I went from being extremely limited with frequent pain, but completely independent before the replacement, to not being able to dress myself or sit up on my own. In the words of my mother, ‘it is like having a newborn again’, except I can be cheeky on purpose. Since returning home on Sunday evening there has been a new development everyday and I am loving seeing the improvements.
I can now sit up straight without support, can easily manage the stairs only stepping up with my good leg and can even dress myself, despite not being able to touch any lower than my knees. Part of my ability to dress myself comes from having extremely dextrous toes. Dad and I used to compete to pick hairbands and other thing off the floor when I was little. I never thought I would rely in this weird skill, but it has been a real asset. I can pull my trousers onto my left leg using my right foot toes and even plug in the hair dryer using my feet. Little did Dad and I know we were preparing for an easier hip replacement recovery.
Showering was initially a struggle but yesterday we rented a perching stool so I can sit in the shower. While this is great for a quick rest, it is also really annoying. When you shower, you dip in and out of the water in between soaping and shampoo, on the stool, you’re in the same place, so I stand and use the stool for balance.
Another cool new toy was a brand new set of wheels, I asked for a Discovery with personal driver but had to settle for a wheelchair and Mum, not quite the same but ti will do. Mum and I decided a chair with big wheels would be best so I can move myself around, it was a very good decision. Although I am not wheelchair bound and can fully weight bear and walk VERY slowly, due to my years of compensating and developing a certain ‘swag’ in my walk as Tim likes to say, the wheelchair allows me to do more things I unlearn, and relearn, to walk correctly.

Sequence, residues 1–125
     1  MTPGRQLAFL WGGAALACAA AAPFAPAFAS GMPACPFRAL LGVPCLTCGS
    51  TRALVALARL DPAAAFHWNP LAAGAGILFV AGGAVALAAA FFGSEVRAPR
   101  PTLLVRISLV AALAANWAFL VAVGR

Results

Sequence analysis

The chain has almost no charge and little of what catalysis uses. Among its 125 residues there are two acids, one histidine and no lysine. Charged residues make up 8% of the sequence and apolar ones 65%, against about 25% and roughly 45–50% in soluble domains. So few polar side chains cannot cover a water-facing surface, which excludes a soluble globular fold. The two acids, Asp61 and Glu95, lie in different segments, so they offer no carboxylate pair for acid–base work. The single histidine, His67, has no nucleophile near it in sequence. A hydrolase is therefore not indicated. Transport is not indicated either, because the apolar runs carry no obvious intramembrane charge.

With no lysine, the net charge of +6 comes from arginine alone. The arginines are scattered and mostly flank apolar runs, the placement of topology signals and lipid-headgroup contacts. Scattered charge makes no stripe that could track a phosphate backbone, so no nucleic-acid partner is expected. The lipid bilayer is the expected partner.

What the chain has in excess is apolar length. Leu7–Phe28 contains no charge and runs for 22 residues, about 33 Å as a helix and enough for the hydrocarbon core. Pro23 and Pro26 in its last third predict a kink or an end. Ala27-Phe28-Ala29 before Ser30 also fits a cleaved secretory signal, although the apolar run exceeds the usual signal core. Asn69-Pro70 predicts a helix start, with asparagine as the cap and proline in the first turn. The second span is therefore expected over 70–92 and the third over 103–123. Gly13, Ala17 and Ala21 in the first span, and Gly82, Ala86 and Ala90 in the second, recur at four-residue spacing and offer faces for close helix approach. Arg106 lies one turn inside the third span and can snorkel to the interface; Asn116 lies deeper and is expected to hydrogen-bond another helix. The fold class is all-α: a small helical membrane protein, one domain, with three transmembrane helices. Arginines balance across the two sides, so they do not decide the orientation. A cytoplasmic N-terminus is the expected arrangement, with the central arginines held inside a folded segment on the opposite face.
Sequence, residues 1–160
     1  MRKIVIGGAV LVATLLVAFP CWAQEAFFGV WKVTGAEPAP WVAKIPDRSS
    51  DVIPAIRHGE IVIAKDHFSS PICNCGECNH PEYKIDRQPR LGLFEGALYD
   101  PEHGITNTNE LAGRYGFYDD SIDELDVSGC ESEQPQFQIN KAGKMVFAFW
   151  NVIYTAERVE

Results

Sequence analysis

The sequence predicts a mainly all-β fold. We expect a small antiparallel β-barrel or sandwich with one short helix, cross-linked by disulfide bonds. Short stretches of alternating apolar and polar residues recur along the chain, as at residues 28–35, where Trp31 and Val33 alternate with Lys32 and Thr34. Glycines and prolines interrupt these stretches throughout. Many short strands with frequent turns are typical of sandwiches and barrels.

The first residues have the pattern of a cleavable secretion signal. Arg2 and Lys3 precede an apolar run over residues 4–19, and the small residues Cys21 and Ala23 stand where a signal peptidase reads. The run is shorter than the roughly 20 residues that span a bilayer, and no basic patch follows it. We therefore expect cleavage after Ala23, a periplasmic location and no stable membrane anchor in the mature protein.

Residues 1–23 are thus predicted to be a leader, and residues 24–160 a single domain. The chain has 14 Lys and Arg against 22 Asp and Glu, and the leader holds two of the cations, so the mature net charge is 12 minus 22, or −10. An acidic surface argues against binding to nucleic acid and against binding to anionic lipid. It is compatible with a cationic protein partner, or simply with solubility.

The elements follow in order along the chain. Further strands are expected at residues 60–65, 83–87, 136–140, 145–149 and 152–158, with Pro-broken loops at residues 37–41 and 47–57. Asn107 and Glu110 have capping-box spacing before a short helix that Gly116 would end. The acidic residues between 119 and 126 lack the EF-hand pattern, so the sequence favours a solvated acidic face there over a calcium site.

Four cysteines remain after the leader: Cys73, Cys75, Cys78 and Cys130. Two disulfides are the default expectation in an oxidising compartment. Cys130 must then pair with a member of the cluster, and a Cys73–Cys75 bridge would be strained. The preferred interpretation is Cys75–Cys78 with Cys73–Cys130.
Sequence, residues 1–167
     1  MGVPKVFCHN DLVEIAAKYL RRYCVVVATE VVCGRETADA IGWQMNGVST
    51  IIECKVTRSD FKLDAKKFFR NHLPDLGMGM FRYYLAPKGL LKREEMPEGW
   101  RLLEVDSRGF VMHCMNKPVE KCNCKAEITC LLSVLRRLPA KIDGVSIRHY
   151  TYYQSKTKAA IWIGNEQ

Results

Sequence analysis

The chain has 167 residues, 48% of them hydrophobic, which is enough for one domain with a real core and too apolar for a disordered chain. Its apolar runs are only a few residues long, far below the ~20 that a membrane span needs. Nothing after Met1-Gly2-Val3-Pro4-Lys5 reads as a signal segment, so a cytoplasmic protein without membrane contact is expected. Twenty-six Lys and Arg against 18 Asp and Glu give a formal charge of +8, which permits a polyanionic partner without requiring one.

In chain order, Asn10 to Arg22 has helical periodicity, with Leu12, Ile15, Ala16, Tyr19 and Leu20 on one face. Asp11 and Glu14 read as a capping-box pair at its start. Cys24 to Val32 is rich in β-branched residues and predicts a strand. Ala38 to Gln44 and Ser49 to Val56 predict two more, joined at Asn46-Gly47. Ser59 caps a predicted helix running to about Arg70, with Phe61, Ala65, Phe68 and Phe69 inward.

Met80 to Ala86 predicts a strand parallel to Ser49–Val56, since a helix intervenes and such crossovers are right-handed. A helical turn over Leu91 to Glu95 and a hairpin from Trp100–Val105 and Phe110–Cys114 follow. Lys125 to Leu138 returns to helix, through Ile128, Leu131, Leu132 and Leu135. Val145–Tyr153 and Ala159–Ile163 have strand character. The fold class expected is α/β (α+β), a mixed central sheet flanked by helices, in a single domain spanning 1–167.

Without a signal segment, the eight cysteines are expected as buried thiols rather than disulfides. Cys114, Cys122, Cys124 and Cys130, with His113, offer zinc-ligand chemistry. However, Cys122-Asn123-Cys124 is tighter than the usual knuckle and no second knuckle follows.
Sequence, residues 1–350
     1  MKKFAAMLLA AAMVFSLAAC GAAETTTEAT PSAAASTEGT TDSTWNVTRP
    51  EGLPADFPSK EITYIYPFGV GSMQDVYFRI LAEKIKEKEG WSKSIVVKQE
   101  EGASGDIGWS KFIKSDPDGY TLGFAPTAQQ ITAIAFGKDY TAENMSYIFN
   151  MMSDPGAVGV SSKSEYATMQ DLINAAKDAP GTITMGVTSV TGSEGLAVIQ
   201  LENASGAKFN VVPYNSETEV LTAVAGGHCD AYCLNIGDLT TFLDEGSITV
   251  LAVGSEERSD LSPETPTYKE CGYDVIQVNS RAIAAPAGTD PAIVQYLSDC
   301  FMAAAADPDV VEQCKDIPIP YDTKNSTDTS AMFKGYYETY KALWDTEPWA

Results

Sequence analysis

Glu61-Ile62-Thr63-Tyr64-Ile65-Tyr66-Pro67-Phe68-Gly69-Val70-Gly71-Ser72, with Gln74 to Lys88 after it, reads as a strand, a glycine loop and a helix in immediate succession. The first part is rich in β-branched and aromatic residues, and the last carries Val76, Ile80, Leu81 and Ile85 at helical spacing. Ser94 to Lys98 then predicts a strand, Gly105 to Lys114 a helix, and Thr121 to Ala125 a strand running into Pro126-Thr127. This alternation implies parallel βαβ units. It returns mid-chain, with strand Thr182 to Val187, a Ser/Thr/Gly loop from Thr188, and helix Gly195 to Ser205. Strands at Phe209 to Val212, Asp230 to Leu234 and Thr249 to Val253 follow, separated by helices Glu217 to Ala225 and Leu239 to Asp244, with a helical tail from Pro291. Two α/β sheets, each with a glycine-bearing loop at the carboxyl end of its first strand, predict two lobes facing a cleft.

On picking up the chair, Mum and I went for an extravagant trip to Waitrose, possibly my funniest food shop ever. We discovered that Mum is a rubbish wheelchair driver and shouldn’t give up the day job. (I’m joking, I would still be stuck in bed if it weren’t for my mum so I can live with bad driving – just don’t nearly run someone over, crash me into the car or try to push with the brakes on and nearly tip me out again please).
Today has been another very good day, after my first physio session I spent the afternoon at my sister’s sports day. I went to the same school and left some 4 years earlier. A lot of my teachers were still there and many came to say hello, the wheelchair tends to draw people in out of interest, but it was still good to have a quick catch-up. Returning to your old school makes you really appreciate your teachers and there is a weird underlying friendship, rather than the person who used set you homework and lecture for an hour each week.
My sports teachers used to give me quite a hard time about my hip and never really understood until my last few years at school. I used to leave my crutches in reception, just in case, they couldn’t comprehend how I could walk up the school drive absolutely fine and then start limping half way through the sports lesson.
In one not so fond memory, my music teacher accused me of faking as I had walked ‘ok’ across the classroom to the bin, but had used my crutches for the nearly half mile walk to and from the lunch hall. Two teachers in particular began spreading awareness of my hip to the other teachers; they knew others with my DDH or had joint trouble themselves. This took a good few years and I remember crying on quite a few occasions from the pain.
Today was the first time I had physical evidence of my hip troubles and I could tell which teachers felt guilty of giving me a hard time. They surpassed the wheelchair with a simple hello, rather than those who took to the time for a proper chat.
For those of you with little ones, please make sure every teacher that needs to know, does know about your child’s DDH. My head teacher had no idea, even after spending many weeks on crutches over three years of being at the school.
This all sounds quite negative but I promise, I really did enjoy my time at school and liked the teachers that pushed me to do sport. By the end they had found the right balance and helped me lead my active life. Without them, I wouldn’t be who I am and I wouldn’t have been as sporty.
After such a good physio session today, I have no doubt that my sporting days are not too far round the corner, I just have to learn to walk correctly and not with the added ‘swag’.